# Entering the Classroom Get out your binder, a sharp pencil, and your science fair packet. If you don’t have a science fair packet, get out 2 blank pieces

Jan 02, 2016

## Documents

#### science fair packet

• Entering the ClassroomGet out your binder, a sharp pencil, and your science fair packet.If you dont have a science fair packet, get out 2 blank pieces of paper (pick up a science fair handout from Mr. S.)

• ObjectivesC: Use print and web resources to research information for the science fair (or labs)L: Write the research paper and project journal for your science fair project. Standard:I.I.I.1. Use a variety of print and web resources to collect information, inform investigations, and answer a scientific question or hypothesis.

.com can still be reliable, but you must check the author and the last update

• Places to lookhttp://www.sciencebuddies.org/ http://www.sciencebob.com/sciencefair/ideas.php http://www.sciencefair-projects.org/ http://en.wikipedia.org/wiki/Main_Page (you must other sources to back up your information)http://www.kids.gov/6_8/6_8_science_projects.shtml BOOKS!

• Entering the ClassroomNo binders needed Measurement Test today!Get out a sharp pencil and your measurement study guideYou have 5 minutes to study, while I go around and check study guides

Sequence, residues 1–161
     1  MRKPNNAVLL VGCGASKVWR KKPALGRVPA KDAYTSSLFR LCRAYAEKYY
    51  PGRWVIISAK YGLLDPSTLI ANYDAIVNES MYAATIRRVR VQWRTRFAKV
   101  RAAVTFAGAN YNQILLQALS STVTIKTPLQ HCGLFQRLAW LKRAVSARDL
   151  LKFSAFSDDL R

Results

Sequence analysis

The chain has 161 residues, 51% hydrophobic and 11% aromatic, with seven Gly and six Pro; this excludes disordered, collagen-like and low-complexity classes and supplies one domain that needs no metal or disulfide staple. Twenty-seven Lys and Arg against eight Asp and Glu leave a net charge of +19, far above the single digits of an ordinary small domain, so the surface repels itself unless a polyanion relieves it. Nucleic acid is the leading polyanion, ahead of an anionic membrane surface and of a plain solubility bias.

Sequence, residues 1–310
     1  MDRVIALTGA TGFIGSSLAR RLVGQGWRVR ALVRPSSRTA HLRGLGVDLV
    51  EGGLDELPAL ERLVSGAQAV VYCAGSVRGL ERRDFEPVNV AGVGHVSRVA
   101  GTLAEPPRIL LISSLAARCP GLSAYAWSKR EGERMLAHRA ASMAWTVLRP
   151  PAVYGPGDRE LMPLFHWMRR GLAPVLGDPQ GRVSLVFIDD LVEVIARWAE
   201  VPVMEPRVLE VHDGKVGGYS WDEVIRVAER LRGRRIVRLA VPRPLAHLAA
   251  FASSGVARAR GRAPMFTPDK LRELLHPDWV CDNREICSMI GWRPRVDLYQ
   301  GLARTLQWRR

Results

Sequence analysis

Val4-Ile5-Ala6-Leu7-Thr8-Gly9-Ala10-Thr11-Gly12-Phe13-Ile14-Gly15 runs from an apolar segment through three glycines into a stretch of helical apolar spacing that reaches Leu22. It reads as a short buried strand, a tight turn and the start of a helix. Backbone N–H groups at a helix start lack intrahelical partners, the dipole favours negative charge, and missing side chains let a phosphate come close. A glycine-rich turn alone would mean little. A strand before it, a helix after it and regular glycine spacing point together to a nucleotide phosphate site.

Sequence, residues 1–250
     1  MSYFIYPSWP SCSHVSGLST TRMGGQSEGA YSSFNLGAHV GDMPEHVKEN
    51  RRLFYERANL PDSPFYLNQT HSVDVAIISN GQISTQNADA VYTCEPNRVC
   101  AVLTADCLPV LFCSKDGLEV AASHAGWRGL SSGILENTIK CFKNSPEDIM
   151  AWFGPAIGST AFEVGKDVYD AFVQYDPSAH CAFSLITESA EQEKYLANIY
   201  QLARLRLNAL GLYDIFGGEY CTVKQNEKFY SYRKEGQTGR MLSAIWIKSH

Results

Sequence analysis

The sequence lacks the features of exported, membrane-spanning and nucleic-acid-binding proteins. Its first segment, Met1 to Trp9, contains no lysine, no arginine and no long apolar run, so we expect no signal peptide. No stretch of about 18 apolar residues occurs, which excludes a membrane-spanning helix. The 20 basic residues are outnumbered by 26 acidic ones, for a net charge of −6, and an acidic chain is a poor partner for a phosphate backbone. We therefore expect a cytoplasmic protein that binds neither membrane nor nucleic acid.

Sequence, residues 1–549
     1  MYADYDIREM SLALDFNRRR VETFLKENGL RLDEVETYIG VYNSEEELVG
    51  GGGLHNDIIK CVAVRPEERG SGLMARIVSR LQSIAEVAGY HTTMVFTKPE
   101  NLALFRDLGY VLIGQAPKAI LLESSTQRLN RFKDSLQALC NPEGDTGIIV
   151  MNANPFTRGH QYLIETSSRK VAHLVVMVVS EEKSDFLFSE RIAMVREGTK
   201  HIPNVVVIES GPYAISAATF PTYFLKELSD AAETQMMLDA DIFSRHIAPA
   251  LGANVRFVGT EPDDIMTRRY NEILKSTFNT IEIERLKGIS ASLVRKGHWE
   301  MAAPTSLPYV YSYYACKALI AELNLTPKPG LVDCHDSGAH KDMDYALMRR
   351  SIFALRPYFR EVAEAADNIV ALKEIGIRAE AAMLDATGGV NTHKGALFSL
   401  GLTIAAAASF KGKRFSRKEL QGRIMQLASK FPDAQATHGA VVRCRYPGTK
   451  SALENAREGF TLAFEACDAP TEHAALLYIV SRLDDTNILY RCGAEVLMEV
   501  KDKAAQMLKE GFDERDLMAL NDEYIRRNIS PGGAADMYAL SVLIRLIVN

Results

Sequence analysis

Note: If you lost or forgot your study guide, please pick one up at the front of the classroom.

• (use dimensional analysis) How many liters are in 10 gallons? (1 gallon = 3.8 Liters)

Write what you are looking for with a question mark.? Liters

2. Write what you are given? Liters = 10 gallons13. Multiply by the conversion factor? Liters = 10 gallons X 3.8 Liters11 gallon

= 38 Liters

• (use dimensional analysis) How many liters are in 10 gallons? (1 gallon = 3.8 Liters)

Write what you are looking for with a question mark.? Liters

2. Write what you are given? Liters = 10 gallons13. Multiply by the conversion factor? Liters = 10 gallons X 3.8 Liters11 gallon

= 38 Liters

• (use dimensional analysis) How many liters are in 10 gallons? (1 gallon = 3.8 Liters)

Write what you are looking for with a question mark.? Liters

2. Write what you are given? Liters = 10 gallons13. Multiply by the conversion factor? Liters = 10 gallons X 3.8 Liters11 gallon

= 38 Liters